From Hugh Low to Sultan Iskandar

Text by Lau Sook Mei and Law Siak Hong
Photos by Lau Sook Mei

Hugh Low Street in 1887... (1)

Roads and a simple numbering system provide us with addresses which identify where we work and where we live, recreate, socialize and interact with others. Roads are named after those who contributed to the making of the town. It goes without saying: etymology, the study of names of streets and places, tells us the development of the town, its history and its heritage. Let’s take a look now at one main street in Ipoh, the capital city of Perak . Among the first streets in Ipoh in the late 19th century, this street was named after Sir Hugh Low, 3rd British Resident of Perak (1877-1889).

...in 1894. (2)

...in 1920's. (3)

In the beginning, Hugh Low Street stretched from the police post (now the Central Police Station) on the table-land and ended at the west bank of the Kinta River . In 1890, the wooden Hugh Low Bridge was built for “wheeled traffic”, that is, gharries, bullock carts and rickshaws. Ipoh grew quickly. Saturated and over-crowded, the town expanded across the river. Thus, Old Town and New Town came into being.

Hugh Low Bridge, built in 1890. (4)

Bridge strengthened in 1930. (5)

In 1900, as the network of roads improved in the Kinta Valley, the wooden bridge was replaced by an iron one, which was further strengthened and widened in 1930. Last year, despite its antiquity, the old bridge was demolished. An ostentatious replacement is now nearing completion.

Panoramic view of Hugh Low Bridge, 1948. (Photograph by Ngai Chan Photo Studio)

Today, from the Sultan Yussuf Fountain (Jubilee Fountain) and roundabout to Jalan Panglima Bukit Gantang Wahab, Hugh Low Street is more than twice longer. In New Town, Hugh Low Street was not aligned the way it is. It used to turn to the road beside the Panglima Kinta Mosque (sensibly named Jalan Masjid) and joined Gopeng Road at the spot where Universal Motors stood, now a shop named Eastern Decorator.

So, how and when did Hugh Low Street become Jalan Sultan Iskandar?

In June 1975, a controversy brewed over the right to name streets and roads within Ipoh town. It was triggered by the Town Council’s proposal to rename Hugh Low Street and Belfield Street after Ipoh’s illustrious duo: the late D.R. Seenivasagam and his brother, Dato Sri S.P. Seenivasagam. But the State Government had other plans.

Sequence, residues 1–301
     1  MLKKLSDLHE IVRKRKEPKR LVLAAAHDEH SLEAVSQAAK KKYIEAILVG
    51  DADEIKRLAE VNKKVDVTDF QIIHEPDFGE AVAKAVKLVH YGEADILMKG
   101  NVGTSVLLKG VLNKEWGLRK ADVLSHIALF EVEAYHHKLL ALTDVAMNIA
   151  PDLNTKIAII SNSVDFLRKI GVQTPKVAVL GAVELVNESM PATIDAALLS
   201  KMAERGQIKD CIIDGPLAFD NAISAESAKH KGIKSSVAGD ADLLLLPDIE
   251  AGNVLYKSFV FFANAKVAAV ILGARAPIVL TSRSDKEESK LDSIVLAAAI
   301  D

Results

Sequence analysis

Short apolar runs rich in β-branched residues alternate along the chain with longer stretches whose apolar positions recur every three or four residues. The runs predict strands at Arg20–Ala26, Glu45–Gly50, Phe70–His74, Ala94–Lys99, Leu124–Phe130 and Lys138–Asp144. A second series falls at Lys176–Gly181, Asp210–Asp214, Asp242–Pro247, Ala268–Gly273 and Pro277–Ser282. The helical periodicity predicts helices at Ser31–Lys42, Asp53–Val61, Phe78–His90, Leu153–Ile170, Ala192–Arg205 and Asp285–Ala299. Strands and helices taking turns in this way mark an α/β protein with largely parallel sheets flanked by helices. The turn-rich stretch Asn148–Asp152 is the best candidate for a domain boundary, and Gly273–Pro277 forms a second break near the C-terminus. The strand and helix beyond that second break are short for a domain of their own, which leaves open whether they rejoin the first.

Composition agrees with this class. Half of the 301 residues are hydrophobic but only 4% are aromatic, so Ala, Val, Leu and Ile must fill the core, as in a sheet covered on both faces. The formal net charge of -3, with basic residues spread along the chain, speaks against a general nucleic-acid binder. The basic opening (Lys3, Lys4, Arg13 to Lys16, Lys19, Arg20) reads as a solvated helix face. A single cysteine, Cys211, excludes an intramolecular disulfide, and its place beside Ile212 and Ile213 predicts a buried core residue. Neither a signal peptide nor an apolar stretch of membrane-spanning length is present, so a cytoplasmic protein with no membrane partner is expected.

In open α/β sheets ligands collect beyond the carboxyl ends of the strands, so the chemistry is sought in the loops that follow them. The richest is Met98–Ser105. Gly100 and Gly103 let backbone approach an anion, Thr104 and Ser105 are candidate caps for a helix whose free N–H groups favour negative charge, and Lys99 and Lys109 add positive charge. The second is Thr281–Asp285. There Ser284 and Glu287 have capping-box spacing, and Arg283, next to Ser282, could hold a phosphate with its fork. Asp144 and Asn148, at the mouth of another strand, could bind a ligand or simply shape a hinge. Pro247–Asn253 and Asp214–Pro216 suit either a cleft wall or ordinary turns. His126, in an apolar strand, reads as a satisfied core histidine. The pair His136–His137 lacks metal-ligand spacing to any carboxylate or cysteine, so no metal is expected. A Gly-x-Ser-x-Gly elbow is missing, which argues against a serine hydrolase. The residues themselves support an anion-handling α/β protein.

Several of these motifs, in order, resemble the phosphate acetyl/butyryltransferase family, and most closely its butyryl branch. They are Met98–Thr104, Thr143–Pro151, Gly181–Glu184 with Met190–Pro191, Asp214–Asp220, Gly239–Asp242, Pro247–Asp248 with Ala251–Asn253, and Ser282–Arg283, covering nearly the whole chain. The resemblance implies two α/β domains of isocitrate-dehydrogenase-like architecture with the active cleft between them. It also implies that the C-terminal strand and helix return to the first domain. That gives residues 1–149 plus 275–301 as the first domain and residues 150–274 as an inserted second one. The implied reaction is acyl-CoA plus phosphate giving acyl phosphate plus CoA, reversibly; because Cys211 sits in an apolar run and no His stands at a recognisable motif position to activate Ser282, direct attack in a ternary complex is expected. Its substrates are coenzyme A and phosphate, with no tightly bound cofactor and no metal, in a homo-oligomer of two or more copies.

According to the News Straits Times (NST), 2 July, to avoid any involvement in the controversy, the president of the Ipoh Municipal Council and leader of the People’s Progressive Party, Dato Sri S.P. Seenivasagam withdrew his consent to have Belfield Street renamed after him. Sadly, 2 days later, with the issue unresolved he passed away.

New bridge: towards Old Town on the left.

Rather suddenly, the NST, 8 July reported that the conflict was settled. According to the amended Municipal Ordinance published in the Perak Government Gazette on 18 June, the State Government claimed the “sole right to name roads to ensure that in future all names of roads, streets and settlements including housing estates reflect a Malaysian identity”. Thus, Hugh Low Street became Jalan Sultan Iskandar and Belfield Street, Jalan Sultan Yussuf.

A tower on each corner of the bridge?

To save the situation and the “loss of face”, two weeks later, Perak Mentri Besar Tan Sri Ghazali Jawi declared that Clayton Road (in front of St. Michael’s Institution) would be renamed Jalan Dato Sri S.P. Seenivasagam. As for D.R. Seenivasagam, the Coronation Park was renamed after him.

The State Executive Council had insisted that it would consider names recommended by the local authority. But, the fact remains that, for decades, the Council had named its streets and roads without referring to the state government.

New Town: note tall buildings sticking out.

Getting back to Jalan Sultan Iskandar, take a walk in the shade of the 5-foot-ways and you will be rewarded with the lingering old world charm of Ipoh. In Old Town , the Ipoh Draft Local Plan 2020 has identified two buildings on this street as heritage: Oversea Building (Nos.12 & 14) and the Ambika Estates Office (No. 4). Strict enforcement is needed to ensure their preservation. In New Town, most of the shophouses developed (1905-1908) by Yau Tet Shin have survived one hundred years! Some of them have gotten a new Art Deco façade or a 1970s decorative aluminium sun-screen over the original shop front. Others have been demolished and completely re-built in late 70s and early 80s; being much taller, they stick out like sore thumbs. At the eastern end of the street, there were old residences (one is left standing behind a tin shed selling furniture), a block of flats, a school and several commercial buildings.

Common names and references used by locals add to the place and its communities. Renaming of roads plays havoc with historical interpretation, let alone the inconvenience caused. The fact is, even today, among old Ipoh residents, familiar old names and references continue to stay in use.

Hugh Low Street, circa 1963. (6)

The same street today. Photo taken from the same angle.

Footnote 1: Ipoh , the town that tin built gained its city status in 1988.

Footnote 2: Photo credit: Kinta Valley: Pioneering Malaysia’s Modern
Development: (1) and (2)
Ipoh: The City That Tin Built: (3), (4), (5) and (6)


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